Injuries are a fact of training camp, but that doesn’t mean that Daryl Williams going down in screams during a drill during last Saturday’s practice will have come as any less of a shock for the Panthers’ players, coaches and fans alike. Williams has suffered an MCL tear and a dislocated patella, and the timetable for any potential return is still extremely cloudy. Having spoken with a member of medical personnel from NFL franchises, admittedly without specific knowledge of the injury, a somewhat clearer set of potential timetables depend largely on the severity of the MCL tear, with the patella dislocation only likely to be significant if it has led to further tissue damage, with the most severe potential issue being damage to the ACL.

Whatever the severity of the injury, it should be expected that the Panthers will likely be without Williams until at least the second quarter of the season, and will certainly not have his services come the season opener, creating an opening at right tackle that will almost certainly be filled by second-year lineman Taylor Moton, the second of two 2017 second round picks. Moton barely saw the field at all last season, only really seeing snaps during the preseason and in jumbo packages – so in order to get an idea of what the Panthers might have in Moton, one must look all the way back to his college tape at Western Michigan. So, with that in mind, what made Moton a second-round pick, what did he need to improve on coming into the league and how far does he appear to have come?

The Run Game

One of the major selling points for Moton coming out of Western Michigan was his power in the run game, and when switching on his college tape that power does stand out, allowing him to move defenders in the run game (Moton wears  #72):

 

However, that power isn’t worth a huge amount in itself, and one issue that Moton had at times was that he failed to get himself low enough during initial contact, allowing the defender’s superior pad level to negate Moton’s power advantage. On both of the following plays, Moton got too upright out of his stance, allowing a lighter defender to force him upwards and prevent him from pushing him backwards:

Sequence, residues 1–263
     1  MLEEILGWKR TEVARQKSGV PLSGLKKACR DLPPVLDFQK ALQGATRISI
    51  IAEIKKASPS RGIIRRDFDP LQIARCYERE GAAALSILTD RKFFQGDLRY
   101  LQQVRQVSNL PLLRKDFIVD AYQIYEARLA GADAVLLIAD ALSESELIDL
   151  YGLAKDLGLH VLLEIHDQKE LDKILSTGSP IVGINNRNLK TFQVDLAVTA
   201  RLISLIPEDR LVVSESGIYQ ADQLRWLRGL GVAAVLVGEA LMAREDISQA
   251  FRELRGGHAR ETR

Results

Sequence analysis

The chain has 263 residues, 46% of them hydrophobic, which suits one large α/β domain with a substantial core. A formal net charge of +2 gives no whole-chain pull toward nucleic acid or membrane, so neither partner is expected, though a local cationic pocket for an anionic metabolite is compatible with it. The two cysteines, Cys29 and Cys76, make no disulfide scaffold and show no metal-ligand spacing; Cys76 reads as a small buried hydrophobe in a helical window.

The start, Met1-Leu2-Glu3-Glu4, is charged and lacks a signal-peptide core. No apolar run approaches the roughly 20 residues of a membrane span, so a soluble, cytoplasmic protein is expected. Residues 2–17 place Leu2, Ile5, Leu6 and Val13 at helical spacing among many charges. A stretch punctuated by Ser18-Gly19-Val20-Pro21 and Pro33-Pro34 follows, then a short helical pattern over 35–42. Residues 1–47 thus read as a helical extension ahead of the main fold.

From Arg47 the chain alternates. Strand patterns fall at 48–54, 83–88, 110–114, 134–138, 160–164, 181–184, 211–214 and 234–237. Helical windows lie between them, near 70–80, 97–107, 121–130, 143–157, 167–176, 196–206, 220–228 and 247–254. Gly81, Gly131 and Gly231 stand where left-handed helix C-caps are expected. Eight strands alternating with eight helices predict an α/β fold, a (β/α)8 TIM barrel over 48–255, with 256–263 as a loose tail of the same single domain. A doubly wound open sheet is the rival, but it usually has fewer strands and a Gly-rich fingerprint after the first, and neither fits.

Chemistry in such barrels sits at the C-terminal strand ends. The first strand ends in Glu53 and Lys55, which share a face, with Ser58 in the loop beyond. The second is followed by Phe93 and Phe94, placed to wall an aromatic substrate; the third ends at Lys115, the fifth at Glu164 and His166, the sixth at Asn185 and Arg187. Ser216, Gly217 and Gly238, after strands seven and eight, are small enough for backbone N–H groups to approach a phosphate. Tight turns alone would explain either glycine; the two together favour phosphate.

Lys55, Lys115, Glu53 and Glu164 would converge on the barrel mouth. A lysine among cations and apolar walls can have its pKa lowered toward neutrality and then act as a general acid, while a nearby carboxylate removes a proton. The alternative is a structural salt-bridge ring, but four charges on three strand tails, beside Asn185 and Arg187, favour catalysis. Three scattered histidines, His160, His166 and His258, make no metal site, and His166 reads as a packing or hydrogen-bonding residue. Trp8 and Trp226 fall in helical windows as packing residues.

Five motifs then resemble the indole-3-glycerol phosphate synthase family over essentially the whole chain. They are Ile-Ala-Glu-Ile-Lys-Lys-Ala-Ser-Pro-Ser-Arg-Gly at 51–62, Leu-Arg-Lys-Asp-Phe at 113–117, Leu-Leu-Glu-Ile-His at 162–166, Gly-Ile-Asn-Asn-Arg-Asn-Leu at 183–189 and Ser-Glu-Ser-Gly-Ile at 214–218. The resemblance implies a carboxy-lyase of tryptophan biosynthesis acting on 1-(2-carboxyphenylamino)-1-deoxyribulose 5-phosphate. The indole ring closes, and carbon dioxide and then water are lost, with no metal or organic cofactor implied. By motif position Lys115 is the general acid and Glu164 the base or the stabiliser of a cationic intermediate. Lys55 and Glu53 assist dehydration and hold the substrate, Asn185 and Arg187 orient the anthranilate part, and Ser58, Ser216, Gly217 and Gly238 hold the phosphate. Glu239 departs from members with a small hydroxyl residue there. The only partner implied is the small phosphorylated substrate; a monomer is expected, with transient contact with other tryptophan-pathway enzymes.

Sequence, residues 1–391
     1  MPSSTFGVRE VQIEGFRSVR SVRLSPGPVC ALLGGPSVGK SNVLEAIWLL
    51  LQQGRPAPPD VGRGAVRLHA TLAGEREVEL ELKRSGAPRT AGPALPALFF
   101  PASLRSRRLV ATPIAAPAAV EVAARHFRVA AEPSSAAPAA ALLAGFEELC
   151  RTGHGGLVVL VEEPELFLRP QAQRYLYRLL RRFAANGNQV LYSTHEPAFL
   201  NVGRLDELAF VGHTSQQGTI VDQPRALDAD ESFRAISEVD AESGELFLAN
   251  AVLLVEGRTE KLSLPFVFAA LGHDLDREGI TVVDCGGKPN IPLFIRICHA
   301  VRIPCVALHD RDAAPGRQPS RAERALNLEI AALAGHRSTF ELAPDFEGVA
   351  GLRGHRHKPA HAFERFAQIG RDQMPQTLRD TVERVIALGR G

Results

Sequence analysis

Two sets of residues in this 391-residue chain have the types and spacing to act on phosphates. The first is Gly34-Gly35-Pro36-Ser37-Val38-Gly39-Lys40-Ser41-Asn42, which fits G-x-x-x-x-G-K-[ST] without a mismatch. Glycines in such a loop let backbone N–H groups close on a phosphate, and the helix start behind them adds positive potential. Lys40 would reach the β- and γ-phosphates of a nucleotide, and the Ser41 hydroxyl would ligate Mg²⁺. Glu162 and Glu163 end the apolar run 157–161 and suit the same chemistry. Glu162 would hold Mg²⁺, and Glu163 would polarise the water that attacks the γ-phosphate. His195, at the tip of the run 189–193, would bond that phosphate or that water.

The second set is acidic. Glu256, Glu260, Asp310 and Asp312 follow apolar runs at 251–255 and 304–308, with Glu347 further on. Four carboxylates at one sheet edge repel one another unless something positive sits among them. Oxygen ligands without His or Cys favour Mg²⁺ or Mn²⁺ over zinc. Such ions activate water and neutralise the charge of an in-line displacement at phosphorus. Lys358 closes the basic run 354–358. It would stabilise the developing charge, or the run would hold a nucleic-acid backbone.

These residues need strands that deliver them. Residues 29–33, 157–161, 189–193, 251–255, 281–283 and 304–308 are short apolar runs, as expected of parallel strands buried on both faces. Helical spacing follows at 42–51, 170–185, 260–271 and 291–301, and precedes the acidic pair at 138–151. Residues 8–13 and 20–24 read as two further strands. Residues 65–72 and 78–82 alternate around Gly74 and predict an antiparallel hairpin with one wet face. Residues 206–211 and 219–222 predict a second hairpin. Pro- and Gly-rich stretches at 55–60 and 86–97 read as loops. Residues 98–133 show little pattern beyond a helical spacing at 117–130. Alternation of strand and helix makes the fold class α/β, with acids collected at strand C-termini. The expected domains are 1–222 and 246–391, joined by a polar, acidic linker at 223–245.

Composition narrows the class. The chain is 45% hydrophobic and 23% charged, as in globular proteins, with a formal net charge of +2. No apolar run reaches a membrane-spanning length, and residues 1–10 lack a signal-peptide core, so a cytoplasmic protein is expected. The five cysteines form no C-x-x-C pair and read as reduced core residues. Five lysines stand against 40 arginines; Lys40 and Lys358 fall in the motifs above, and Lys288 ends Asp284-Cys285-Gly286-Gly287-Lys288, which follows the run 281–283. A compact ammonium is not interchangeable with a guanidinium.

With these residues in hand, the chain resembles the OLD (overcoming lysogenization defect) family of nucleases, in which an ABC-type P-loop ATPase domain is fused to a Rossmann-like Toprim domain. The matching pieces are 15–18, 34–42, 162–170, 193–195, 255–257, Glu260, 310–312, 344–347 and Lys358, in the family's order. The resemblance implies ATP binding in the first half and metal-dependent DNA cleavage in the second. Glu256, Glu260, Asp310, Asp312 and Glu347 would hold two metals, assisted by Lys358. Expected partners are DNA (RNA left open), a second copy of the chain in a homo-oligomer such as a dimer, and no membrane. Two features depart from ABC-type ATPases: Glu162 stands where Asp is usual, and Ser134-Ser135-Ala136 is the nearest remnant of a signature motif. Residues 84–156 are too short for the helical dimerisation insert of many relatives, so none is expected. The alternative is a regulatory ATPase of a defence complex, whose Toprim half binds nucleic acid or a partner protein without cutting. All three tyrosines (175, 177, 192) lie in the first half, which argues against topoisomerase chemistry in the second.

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The other extreme can also be an issue, as when Moton looked to compensate for his high pad level by leaning into blocks he put himself off-balance and allowed the defender to use his own forward momentum against him:

 

Moton is forced into leaning as he allows his legs to get too straight too early and therefore the only option are to either get vertical or to lean forwards, both of which expose him to potential issues. To improve on this, Moton needs to keep his knees bent and his weight over his frame and trust his power to create push without having to sacrifice control to get the job done. Ron Rivera and the rest of the coaching staff have repeatedly talked about the importance of consistency this offseason and for offensive linemen; it is always going to be hard to be consistent if you’re not playing without a reasonable amount of control. These issues are things that can be corrected through coaching, and John Matsko is one of the best in the league.

Moton does, however, have quick feet, which allows him to be effective as a zone blocker, even when he plays out of control. On both of the following plays, Moton does a good job of getting his feet around and cutting off the back side of the play, even if the block he makes is somewhat ineffective due to him being off-balance and with a very high pad level. If he has improved his pad level and body control, he may well have become a highly effective zone blocking tackle as he absorbed a year of NFL tutelage.